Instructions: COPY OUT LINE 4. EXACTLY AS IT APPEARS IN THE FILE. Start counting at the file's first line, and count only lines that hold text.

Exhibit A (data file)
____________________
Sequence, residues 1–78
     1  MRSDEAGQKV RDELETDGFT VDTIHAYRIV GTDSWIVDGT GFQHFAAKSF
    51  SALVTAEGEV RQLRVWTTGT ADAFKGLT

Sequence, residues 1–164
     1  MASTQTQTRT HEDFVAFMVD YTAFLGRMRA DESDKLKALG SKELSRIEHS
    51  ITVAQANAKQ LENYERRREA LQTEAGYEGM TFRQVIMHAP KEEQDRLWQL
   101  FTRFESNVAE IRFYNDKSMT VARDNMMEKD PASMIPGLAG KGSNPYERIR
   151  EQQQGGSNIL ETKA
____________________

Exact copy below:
Sequence, residues 1–164